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Keep Sticking Till You Get An IV In…

Filed in Nursing News by on May 31, 2016

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Keep Sticking Till You Get An IV In… A patient recently told me that  she has bad veins and expect to be stuck numerous times for a peripheral IV insertion. I asked her how many times did the nurses stick her before they got an peripheral IV ?  She replied:


Oh, “it depends on the nurse but they keep sticking me till they get an IV in”. Sometimes, they have to call for help, and that other nurse will stick me several times and not even get an IV in, but I’m used to that. They eventually get one in and when I start getting my IV fluids, I’m afraid, it’ll start leaking from the holes in my arm”

It was hard to tell how the patient really felt about this. Was she bragging that she’s a difficult stick and a challenge to any nurse trying to start her peripheral IV?  Or was she dissatisfied with the unsuccessful attempts by the nurses. Whatever the case maybe, one thing I’m sure about is that – patients(and providers) should be aware of the Infusion Therapy Standards of Practice 33 practice criteria F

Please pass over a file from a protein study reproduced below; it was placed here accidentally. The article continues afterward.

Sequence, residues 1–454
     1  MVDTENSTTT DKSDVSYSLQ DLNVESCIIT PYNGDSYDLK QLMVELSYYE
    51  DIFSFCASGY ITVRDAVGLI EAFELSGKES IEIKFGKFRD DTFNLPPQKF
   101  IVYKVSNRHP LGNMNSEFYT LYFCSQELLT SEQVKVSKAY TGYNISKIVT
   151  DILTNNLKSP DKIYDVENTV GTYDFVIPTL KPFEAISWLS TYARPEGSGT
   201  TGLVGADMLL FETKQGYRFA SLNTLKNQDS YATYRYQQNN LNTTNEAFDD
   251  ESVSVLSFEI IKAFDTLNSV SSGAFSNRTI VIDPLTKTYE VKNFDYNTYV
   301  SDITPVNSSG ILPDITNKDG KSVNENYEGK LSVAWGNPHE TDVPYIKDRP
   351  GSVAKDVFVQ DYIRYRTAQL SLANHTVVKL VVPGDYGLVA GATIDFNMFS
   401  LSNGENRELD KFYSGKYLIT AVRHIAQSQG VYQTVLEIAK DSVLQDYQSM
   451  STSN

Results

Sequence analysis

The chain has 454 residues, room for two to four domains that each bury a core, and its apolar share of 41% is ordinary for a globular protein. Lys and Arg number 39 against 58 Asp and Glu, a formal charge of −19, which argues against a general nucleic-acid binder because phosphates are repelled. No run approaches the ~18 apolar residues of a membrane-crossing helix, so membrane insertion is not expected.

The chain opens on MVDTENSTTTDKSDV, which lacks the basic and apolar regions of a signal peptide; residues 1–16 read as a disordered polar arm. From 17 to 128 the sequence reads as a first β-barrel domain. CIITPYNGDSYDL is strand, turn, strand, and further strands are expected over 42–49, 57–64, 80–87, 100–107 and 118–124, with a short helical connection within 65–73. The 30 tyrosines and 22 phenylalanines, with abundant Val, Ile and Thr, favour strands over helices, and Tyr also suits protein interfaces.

Make no more than 2 attempts at short peripheral intravenous access per clinician, and limit total attempts to no more than 4. Multiple unsuccessful attempts cause patient pain, delay treatment, limit future vascular access, increase cost, and increase the risk for complications. Patients with difficult vascular access require a careful assessment of VAD needs and collaboration with the health care team to discuss appropriate options.

I informed the patient about this particular standard, to which she replied, “I don’t think my nurse knows about that because they keep sticking me until they get an IV in”.

It’s really sad to hear this but I do know many clinicians are not aware of the practice criteria and/or the limit. They may know the “no more than 2 attempts” per clinician but now the standard states: “limit total attempts to no more than 4”. Yes, there will be times when even the most proficient nurse will  be unsuccessful, hopefully, they’ll get it in on the second attempt. This standard/practice criteria applies to all settings where patient care is delivered, even when patients are receiving infusions at home / physician office and there are no other nurses available.

Let’s stick to the Infusion Therapy standards of practice and share the information with our nursing colleagues. You may not call yourselves “infusion nurses” but the standards does apply to you too.

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